In January 1950, the ground test rig was running, but even this lead wasn't enough when transmission difficulties encountered later in the year delayed the first flight into 1951. Meanwhile, production versions were ordered as the ZP2N-1, which had many improvements, including a larger envelope of 1,011,000 cubic feet. The ground rig resumed running in early 1951, with power plant installation in the N-1 in April, and first flight in June. It was soon realized that the ballonets would have to be replaced because of fabric characteristics, but this was postponed until after the Board of Inspection and Survey (BIS) trials. Late in 1950, flight testing was interrupted for modifications, including increased fin strength and reduced control system friction.
Four fins called "ruddervators" were used to control ZPG-2/. They are unique in that they were positioned at 45 degree angles at the stern of the craft rather than the traditional vertical/horizontal 90 degree positions. The purpose behind the "X" configuration was to provide more ground clearance between the stern of the envelope and the ground during takeoff and landing operations. As with heavier-than-air craft, lighter-than-air craft of the ZPG-2/2W type, which were normally flown "heavy", took off and landed in a raised nose, lowered tail configuration. Because of the craft's length of approximately 350 feet, the "X" configuration was absolutely necessary. Throughout the entire maneuvering envelope this configuration provided superb responses to control inputs. Contrary to previous airship cockpit configurations, which commonly had the aircraft commander in the left seat controlling the elevator and the co-pilot (rudder man) providing rudder control, a yoke control column was provided for each pilot position. Elevator control was the normal "push-pull" on the yoke, while rudder control was through the control wheel. A rather unique feature of this control system is that any single or multiple control input, such as down elevator or down elevator combined with a turn signal, used all four control surfaces at the same time. The degree of travel of the individual surfaces varied according to the amount of single or multiple inputs. To help ease the pilots' workload, a "spring" or "Flettner" tab is installed on each of the control surfaces which automatically moves in the opposite direction of its control surface thus providing additional "boost" to the control system.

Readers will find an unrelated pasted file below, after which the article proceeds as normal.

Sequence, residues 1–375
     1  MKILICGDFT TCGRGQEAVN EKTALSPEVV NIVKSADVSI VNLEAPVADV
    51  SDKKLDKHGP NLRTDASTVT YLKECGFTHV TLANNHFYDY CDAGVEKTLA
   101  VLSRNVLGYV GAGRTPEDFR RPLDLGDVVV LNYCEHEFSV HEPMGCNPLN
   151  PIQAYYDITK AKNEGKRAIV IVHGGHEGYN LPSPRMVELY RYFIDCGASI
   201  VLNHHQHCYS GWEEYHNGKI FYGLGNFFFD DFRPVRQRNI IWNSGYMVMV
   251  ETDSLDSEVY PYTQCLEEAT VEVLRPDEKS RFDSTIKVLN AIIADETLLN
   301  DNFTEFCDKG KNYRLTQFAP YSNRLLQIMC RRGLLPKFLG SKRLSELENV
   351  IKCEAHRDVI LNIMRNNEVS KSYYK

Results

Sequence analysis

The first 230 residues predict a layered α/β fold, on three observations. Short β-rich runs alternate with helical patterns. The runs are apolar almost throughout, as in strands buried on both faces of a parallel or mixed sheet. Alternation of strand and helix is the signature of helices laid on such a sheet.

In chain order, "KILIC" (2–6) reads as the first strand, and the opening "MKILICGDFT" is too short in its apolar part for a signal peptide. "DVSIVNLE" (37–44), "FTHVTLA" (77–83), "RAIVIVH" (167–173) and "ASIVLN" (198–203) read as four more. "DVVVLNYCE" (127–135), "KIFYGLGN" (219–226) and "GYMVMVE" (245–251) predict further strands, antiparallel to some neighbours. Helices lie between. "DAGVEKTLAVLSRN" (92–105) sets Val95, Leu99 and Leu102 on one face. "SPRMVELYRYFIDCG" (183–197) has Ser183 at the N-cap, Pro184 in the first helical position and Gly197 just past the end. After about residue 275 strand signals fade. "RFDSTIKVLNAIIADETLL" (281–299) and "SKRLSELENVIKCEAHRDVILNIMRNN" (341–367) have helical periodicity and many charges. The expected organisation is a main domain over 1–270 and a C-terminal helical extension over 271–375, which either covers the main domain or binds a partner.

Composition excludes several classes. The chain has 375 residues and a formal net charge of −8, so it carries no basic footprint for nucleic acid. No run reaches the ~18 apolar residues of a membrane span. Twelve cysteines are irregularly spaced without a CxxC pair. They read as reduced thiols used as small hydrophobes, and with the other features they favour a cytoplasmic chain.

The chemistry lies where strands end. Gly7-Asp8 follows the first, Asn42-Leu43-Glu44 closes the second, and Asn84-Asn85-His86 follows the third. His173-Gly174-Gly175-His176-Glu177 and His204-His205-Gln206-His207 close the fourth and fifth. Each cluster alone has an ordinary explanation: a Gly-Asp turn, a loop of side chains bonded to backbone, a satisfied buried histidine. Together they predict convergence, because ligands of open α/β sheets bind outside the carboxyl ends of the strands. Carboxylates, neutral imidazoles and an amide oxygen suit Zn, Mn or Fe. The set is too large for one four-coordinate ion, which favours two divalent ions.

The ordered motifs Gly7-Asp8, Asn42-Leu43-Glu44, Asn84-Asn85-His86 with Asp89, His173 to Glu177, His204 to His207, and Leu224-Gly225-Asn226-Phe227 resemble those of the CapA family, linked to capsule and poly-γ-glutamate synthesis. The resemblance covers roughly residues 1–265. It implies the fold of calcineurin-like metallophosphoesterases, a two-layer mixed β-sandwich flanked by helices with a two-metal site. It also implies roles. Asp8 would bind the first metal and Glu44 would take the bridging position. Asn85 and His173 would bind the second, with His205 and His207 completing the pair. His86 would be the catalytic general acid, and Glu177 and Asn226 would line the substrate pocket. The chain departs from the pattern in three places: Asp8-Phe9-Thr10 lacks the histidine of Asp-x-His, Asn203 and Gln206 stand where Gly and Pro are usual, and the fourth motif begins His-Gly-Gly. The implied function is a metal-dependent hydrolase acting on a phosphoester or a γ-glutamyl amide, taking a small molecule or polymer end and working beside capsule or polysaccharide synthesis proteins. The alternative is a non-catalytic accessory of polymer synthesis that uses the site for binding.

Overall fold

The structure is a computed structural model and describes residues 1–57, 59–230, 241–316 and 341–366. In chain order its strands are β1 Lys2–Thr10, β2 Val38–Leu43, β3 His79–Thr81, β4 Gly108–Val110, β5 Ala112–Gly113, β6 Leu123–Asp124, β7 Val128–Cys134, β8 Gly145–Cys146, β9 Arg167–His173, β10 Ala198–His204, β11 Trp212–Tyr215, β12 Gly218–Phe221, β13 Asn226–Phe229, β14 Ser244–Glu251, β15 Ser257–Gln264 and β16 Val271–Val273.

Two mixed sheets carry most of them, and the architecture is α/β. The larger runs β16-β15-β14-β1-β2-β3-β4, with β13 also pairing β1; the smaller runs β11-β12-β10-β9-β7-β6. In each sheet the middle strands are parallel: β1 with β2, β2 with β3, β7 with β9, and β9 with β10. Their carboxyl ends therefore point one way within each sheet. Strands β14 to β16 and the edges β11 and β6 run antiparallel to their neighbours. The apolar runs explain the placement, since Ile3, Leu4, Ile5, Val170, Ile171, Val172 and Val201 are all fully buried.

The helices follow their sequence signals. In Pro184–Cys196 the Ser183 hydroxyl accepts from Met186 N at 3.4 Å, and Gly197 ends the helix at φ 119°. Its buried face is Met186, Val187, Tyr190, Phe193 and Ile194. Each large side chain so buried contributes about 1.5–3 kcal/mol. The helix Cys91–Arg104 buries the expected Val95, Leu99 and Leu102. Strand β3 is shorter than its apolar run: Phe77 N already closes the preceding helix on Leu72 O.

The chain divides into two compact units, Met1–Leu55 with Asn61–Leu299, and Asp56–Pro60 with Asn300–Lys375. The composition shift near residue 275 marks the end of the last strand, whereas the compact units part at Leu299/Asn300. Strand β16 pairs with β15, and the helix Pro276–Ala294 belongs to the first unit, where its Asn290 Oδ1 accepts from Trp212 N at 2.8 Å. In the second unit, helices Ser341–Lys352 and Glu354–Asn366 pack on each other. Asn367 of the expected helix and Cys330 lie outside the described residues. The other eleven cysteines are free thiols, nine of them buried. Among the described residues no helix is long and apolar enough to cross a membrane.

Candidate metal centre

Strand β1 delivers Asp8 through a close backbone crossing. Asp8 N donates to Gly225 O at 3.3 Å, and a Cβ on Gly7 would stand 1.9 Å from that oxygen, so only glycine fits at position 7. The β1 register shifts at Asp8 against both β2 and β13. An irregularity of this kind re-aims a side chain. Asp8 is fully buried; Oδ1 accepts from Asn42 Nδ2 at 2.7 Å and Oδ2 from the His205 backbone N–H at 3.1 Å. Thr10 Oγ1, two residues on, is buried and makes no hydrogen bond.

Early 1952 saw final solution of the fin design problem, with tail surfaces further modified for final tests at Akron, followed by June delivery to Lakehurst, and Navy Preliminary Evaluation (NPE) in July. The NPE results were disappointing, particulary in the airship's performance and further tests followed to explore specific improvements.